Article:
Turn 6 Irish 4 - LPs Welsh 9 - LPs 
The Welsh still had their pool of leadership points intact, which started to make a difference, as they could place them where it mattered most, whilst the Irish had to husband theirs. In combat, the Irish lost a cavalry unit, whilst the Welsh lost a unit of Warriors and skirmishers.

Somehow the Welsh warriors still held on on the hill, helping to protect the Welsh right flank. Elswhere things were tooing and froing across the board.

Turn 7 Irish 3 - LPs Welsh 7 - LPs 
The Welsh right flank saw the most action, with the Welsh warriors finally succumbing on the hill, but not before the Irish had lost their final cavalry unit and their wardogs.

The Monks prayers appeared to have paid off as things appeared to be going well for the Welsh...

Turn 8 Irish 1 - LP Welsh  - 6LPs
The Irish lost another ordinary warrior unit which put them on a break test, which they passed with ease. However they had no Leadership points left for the next Turn plus they were starting to be outnumbered where it mattered.

Turn 9 Irish 0 - LPs Welsh 6 - LPs
In the end the difference in Leadership points finally told, as the Irish lost two more units and then automatically borke as they had reached 75% losses.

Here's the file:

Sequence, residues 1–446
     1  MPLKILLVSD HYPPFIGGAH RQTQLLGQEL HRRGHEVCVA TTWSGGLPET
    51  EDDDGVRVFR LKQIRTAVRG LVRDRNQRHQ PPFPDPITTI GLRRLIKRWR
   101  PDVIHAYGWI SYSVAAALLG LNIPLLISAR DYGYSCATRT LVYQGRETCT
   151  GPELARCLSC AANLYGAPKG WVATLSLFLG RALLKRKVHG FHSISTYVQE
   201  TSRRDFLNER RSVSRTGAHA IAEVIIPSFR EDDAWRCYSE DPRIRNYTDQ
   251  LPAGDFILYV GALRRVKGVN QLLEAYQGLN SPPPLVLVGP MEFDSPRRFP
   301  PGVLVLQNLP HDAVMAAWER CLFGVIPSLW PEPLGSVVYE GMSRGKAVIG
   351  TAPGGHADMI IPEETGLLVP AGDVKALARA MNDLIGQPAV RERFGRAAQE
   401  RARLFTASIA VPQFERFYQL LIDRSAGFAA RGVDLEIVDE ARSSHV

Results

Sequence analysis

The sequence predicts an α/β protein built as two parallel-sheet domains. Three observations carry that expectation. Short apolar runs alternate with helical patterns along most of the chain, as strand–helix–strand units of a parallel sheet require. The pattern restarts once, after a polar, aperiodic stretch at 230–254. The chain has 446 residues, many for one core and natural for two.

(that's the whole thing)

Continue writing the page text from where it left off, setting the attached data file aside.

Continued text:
With only two units left, the Irish unsuprisingly broke and took to the hills.

Post Game Thoughts
In the end an absolutely cracking game! With Dave having the rulebook in advance his warband was much more balanced and fitted his gaming style perfectly. We both thought it would finish around Turns 5 or 6, given our previous games, but we were both suprised it lasted as long as it did. We lost track of time as it was such an absorbing game, only being brought back to our senses as my Son came down to inform me it was time for bed! So as always some post game musings:
  • Warrior warbands are great fun to play as their 'uncontrolled charge' means that battle is joined quickly.